The collapse of a New Plymouth building company will have a ripple effect right through the local industry, the head of the Master Builders Federation says.
Award-winning Abode Design and Build went into voluntary liquidation this week.
While it's not known exactly how much the company owes to subcontractors and suppliers, the chief executive of the New Zealand Registered Master Builders Federation, Warwick Quinn, said the business' failure would be felt through the industry in the region.
"What happens is there is a ripple effect right through those suppliers," Quinn said.
"It can be long and it can cause hardship."
He said more than 90 per cent of New Zealand construction companies had five staff or less.
"So they don't have necessarily huge amounts of capital where they can withstand many of these sorts of events.
"The degree that it will affect them will depend on how much money is owed."
Quinn said subcontractors needed to make sure they were paid regularly and payments were up to date or they could find themselves virtually caught short overnight.
He said Abode's collapse was the first he'd heard of in a while.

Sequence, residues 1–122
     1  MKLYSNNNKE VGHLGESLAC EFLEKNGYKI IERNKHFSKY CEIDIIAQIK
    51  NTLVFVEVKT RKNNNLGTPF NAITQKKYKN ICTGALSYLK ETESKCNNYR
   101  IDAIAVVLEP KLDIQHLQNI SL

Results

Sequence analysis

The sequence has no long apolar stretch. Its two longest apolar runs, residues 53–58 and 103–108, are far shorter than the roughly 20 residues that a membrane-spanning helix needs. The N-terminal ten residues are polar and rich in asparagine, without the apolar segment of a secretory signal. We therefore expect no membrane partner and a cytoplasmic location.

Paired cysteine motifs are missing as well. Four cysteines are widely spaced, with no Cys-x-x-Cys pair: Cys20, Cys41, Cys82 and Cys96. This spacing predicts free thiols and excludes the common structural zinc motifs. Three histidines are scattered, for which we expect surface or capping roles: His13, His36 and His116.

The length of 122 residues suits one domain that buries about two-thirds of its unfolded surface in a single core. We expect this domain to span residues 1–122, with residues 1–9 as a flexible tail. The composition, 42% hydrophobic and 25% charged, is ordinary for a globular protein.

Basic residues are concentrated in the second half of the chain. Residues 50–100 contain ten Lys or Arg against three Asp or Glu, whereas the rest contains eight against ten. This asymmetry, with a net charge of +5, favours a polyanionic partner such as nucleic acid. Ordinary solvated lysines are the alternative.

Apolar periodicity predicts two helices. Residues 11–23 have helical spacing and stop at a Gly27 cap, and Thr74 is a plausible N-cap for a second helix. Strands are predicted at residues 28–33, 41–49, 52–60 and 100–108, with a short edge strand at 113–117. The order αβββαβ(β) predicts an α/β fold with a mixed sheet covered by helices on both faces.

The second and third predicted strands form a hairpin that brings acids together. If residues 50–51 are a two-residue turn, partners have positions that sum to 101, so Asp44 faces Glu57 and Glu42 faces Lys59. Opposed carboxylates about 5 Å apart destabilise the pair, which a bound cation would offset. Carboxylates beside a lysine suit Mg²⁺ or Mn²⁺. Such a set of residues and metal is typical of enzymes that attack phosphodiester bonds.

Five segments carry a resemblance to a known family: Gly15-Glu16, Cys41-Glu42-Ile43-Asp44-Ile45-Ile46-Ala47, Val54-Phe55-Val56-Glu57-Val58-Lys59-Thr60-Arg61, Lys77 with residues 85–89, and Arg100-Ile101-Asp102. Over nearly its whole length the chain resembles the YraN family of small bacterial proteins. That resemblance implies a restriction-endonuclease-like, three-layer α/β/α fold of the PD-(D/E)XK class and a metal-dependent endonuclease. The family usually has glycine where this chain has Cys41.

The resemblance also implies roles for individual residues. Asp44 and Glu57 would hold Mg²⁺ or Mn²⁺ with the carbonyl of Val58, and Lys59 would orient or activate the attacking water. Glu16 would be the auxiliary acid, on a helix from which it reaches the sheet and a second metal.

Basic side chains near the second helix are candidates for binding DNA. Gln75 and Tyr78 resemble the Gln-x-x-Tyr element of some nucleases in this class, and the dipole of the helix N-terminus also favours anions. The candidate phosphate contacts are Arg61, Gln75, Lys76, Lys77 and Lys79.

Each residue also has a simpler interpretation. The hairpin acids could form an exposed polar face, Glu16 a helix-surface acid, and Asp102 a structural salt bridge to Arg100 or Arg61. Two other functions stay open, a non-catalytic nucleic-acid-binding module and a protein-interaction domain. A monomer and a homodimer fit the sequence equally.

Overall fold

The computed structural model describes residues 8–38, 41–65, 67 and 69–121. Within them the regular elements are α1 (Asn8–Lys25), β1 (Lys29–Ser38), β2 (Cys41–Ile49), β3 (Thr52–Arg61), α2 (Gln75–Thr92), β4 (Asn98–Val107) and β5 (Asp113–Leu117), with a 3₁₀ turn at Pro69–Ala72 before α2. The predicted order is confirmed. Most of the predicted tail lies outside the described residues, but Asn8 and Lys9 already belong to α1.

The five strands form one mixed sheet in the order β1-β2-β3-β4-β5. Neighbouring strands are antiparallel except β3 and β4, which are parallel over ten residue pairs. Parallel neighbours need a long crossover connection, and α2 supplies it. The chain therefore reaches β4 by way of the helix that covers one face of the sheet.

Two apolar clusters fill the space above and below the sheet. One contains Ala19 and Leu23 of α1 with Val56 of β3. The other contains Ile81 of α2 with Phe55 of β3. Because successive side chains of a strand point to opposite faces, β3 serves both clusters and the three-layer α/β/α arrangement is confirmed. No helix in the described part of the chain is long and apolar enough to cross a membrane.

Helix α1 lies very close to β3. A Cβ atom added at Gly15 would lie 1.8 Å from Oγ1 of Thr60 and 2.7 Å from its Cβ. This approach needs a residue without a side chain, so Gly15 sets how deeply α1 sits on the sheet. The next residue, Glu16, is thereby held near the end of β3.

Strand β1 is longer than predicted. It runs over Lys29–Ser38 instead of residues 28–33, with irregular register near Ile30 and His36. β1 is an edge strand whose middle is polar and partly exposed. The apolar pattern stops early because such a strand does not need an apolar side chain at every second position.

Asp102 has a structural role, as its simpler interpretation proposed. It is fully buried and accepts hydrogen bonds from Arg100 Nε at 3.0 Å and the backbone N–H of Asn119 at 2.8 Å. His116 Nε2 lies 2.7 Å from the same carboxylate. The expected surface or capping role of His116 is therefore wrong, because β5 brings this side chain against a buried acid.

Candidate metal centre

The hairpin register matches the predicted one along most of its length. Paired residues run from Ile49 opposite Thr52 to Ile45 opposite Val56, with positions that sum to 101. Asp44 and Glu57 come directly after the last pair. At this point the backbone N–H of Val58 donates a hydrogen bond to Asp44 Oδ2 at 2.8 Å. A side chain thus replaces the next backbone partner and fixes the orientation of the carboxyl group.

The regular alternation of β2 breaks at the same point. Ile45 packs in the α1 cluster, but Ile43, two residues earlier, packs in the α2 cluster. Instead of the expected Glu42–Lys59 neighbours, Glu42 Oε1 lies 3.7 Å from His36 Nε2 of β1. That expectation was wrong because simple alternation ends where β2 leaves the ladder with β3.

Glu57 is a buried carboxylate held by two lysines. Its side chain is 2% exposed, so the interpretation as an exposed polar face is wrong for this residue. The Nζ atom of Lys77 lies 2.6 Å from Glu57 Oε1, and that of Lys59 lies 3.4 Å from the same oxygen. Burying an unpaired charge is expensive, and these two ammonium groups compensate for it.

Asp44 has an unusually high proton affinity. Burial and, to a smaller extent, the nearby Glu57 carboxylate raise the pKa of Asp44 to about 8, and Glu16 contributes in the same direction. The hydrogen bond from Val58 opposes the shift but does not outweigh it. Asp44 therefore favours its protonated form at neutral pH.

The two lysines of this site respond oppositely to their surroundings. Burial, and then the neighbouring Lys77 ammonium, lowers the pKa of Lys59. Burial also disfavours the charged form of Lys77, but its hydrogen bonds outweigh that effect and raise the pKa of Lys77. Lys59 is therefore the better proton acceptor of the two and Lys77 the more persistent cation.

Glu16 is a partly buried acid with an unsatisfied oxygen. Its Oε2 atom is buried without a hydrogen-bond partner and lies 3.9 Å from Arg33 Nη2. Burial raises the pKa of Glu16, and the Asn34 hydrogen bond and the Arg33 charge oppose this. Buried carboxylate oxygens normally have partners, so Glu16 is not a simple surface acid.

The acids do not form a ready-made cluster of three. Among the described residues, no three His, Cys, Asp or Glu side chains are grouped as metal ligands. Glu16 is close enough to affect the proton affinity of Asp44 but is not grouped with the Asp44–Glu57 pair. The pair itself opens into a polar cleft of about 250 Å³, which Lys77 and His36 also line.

"I think it's a reflection that although there is a lot of confidence going forward, we are still coming out of five years of recession and there's still companies out there doing it tough."
Taranaki Master Builders Association president John Street said it was sad and regrettable that the economy had taken its toll on another local contractor.
Martin Stephens, managing director of Clelands Construction, said his company wasn't owed any money by Abode but he felt sympathy for those who were.
"Obviously it's not good when any construction or building company goes into liquidation because it has a detrimental effect on subcontractors and suppliers."
He said it was a surprise Abode had gone broke.
Aluminium Creations owner Barry Arbuckle said he was owed money but stressed his business was in a strong financial position.
"I haven't spoken to the liquidators yet so I can't really comment too far on that," Arbuckle said.
He said the liquidation came as a surprise.
He knew other subcontractors who were also owned money by the company.
"There will definitely be a flow-on effect right down the chain," he said
Clinton Ansell, owner of Ansell Flooring, said he had done four high-end jobs for Abode and was owed for the work.
While it wasn't a large amount it could affect his business.
"I'm only a small business with big overheads and mortgages to get my company off the ground," he said.
"I will notice that amount."
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